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Original poster: Terry Fritz <teslalist@xxxxxxxxxxxxxxxxxxxxxxx>

Hi Ed,

At 11:17 AM 3/19/2005, you wrote:
"Hi Ed,

A 1:1 switch to 1:10  60MHz probe is already included.  It has a cal
cap to so you can compensate it.  It is an inexpensive type but overkill
for this scope ;-)



Does that mean that their part number N010SHPS10 for $135.00 includes a
probe and that nothing more is necessary?

Yes, the probe is included with the scope so you do not need to buy a separate one. But you will need to supply your own 5 x AA alkaline batteries since "batteries not included". It runs about 20 hours on a set and has 15 min, 1 hour, or none auto off so "I" don't think the adaptor and rechargables are really worth it. But I get AAs in bulk from digikey too... You are not supposed to use the AC adaptor with regular batteries. There are also optional bags and holsters, but I never use stuff like that.

I'd like the convenience of a
probe but don't want to buy an extra one which would be useless for
anything else.

For <1MHZ stuff, I tend to just use a BNC to alligator clip leads for stuff that can supply good current (1M 20pF input Z). But the probe is nice for sensitive circuits, higher voltage, and for clipping onto or probing little parts. The probe is certainly inexpensive (unlike the $300 "each" Tek P5100's I love so much!) , but it works fine.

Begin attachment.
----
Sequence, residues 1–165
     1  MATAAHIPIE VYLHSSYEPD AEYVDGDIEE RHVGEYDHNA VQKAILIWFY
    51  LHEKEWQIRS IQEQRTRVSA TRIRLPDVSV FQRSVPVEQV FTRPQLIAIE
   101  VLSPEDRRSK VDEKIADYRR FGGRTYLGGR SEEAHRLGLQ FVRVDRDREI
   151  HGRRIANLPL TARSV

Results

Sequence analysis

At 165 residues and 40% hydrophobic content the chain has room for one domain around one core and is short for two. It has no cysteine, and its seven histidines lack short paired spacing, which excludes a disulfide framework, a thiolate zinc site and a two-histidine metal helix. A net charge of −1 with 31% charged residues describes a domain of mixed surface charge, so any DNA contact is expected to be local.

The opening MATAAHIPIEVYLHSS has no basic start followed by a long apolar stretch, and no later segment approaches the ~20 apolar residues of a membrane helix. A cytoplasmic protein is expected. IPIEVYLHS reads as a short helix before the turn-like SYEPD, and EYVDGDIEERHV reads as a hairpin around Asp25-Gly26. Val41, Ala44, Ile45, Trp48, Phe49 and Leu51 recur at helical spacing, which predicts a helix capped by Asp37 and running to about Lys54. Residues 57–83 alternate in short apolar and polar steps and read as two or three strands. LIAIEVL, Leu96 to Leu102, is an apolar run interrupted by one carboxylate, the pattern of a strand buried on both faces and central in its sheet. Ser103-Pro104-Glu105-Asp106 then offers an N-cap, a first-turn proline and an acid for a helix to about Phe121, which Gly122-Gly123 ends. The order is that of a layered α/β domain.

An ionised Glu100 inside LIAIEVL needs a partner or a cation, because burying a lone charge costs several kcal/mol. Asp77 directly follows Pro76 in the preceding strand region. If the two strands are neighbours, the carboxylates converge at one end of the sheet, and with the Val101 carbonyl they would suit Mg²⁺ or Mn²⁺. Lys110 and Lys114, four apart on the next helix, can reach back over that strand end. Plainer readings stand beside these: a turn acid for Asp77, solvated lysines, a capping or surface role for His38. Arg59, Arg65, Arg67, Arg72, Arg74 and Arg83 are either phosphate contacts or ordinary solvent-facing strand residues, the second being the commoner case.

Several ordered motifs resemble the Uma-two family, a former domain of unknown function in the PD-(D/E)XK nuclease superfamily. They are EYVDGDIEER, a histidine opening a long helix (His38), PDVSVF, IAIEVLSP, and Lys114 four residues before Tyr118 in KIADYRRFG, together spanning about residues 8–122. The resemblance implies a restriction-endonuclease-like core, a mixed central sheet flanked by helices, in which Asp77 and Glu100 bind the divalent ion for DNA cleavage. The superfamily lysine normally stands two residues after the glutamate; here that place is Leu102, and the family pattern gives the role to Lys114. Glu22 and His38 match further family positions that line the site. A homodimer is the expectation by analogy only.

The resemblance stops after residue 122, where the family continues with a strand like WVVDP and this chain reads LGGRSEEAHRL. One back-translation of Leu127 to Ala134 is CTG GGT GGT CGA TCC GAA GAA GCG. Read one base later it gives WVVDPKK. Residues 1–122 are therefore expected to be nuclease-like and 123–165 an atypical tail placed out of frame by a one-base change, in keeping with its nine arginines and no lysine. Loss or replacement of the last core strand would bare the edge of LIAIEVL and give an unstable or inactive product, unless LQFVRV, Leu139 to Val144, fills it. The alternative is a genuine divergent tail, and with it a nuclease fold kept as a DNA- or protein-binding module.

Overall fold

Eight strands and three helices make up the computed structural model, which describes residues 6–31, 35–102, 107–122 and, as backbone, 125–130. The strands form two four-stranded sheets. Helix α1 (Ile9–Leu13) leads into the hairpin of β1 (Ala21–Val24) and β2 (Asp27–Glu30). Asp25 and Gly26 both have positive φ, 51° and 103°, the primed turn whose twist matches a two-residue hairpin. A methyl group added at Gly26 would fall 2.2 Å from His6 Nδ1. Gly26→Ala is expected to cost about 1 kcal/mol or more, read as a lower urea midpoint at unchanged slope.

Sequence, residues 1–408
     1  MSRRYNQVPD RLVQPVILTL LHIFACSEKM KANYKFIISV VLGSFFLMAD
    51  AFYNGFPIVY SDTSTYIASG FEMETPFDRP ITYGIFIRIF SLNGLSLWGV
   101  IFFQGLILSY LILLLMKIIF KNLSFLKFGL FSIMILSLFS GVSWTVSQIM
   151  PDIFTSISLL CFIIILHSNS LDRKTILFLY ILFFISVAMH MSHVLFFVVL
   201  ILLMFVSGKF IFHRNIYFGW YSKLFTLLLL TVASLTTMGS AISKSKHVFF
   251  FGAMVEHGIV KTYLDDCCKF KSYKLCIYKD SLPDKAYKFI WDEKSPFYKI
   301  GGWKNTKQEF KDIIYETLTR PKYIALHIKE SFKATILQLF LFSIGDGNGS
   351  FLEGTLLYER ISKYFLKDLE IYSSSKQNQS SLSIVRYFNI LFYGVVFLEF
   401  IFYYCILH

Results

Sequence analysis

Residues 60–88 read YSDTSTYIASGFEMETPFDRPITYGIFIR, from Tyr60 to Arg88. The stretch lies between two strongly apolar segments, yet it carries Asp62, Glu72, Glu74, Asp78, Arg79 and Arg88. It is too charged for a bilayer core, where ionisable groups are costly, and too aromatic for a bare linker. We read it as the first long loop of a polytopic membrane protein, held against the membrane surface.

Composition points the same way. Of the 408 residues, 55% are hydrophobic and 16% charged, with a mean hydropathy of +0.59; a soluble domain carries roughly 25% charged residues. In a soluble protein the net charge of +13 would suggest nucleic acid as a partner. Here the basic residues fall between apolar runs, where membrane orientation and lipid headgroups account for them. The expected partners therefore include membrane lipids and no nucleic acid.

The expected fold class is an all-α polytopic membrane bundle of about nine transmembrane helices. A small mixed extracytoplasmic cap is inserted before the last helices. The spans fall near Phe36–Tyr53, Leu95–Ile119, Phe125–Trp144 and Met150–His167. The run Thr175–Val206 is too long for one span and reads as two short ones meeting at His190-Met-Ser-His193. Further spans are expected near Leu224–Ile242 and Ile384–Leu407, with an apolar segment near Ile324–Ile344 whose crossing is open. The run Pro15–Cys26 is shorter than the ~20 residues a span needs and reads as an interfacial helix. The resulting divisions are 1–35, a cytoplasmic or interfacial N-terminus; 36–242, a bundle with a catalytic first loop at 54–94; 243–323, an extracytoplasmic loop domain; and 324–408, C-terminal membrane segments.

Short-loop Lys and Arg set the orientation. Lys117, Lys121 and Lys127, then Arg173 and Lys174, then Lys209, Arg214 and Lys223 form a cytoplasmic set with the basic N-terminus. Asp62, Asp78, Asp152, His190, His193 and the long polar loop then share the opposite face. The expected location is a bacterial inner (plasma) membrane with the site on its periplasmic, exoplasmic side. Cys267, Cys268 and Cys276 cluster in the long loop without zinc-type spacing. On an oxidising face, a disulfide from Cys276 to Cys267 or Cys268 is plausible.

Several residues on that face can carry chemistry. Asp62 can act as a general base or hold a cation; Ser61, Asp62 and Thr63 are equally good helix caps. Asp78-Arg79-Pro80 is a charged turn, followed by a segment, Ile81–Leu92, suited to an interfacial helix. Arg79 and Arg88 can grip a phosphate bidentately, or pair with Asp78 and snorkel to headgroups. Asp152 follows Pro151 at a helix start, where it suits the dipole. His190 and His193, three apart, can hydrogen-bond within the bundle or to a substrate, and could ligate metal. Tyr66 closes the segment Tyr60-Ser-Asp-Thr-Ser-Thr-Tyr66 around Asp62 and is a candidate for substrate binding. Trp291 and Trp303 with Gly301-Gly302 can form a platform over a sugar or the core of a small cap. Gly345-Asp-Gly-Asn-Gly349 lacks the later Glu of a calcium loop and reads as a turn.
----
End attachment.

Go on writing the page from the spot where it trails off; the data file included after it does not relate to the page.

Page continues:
I notice that the web special part number NO10HPS5 for
$129.00 doesn't seem to have a probe and is listed with a bandwidth of 1
MHz, while no bandwidth is listed for the HPS10 except the statement in
the spec of "10 MHz sampling rate".

Pay the extra $6 bucks for the HPS 10 ;-) The scope probe probably costs them about $6. Not the finest probe and I sort of wonder if it really does 60MHz. But for this scope it is definitely worth having and works fine.

The HPS 10 works very well to 1MHz, Beyond that the signals start to jitter and such from the digital sampling. Possibly useful above 1MHz, but I would not use it beyond that. Seems perfect below 1MHz.

Sorry to bug you but I figure it's easier to get a straight answer from
you - after all you bought one - than talking to some salesman on the
phone. So, what did you buy and what did it cost you?

It was $135 plus $13 shipping for a total of $148. Part number "010SHPS10" is on the invoice (www.elexp.com). Took about 1-1/2 week to get here.

I was using it today to check my DRSSTC protector resonant frequencies and it works really well!! It can easily do those peak or null tuning things for coils. I really like the auto scale function. It works really well and always seems to lock the signal right on in real time. If you just push the time scale button, it goes right back to manual. I WISH the darn $4000 Tek scopes did that!!! It seems like it can do any normal "plain jane" scope function to 1MHz which is like 95% of everything. It also makes a nice regular true RMS volt meter and all that. I will be using it a LOT. It has no power cord, small, portable, cheap, and works fine... I nice fast alternative to the "big" TEK for most little fast scope chores. If this is your "only" scope, you may want the HPS40 since it has a better display and such with the AC adapter. Of course, digital scopes have the "hold" button to lock a waveform which is a giant advantage over analog scopes. Thus is why analog scopes go for a song these days...



Thanks again,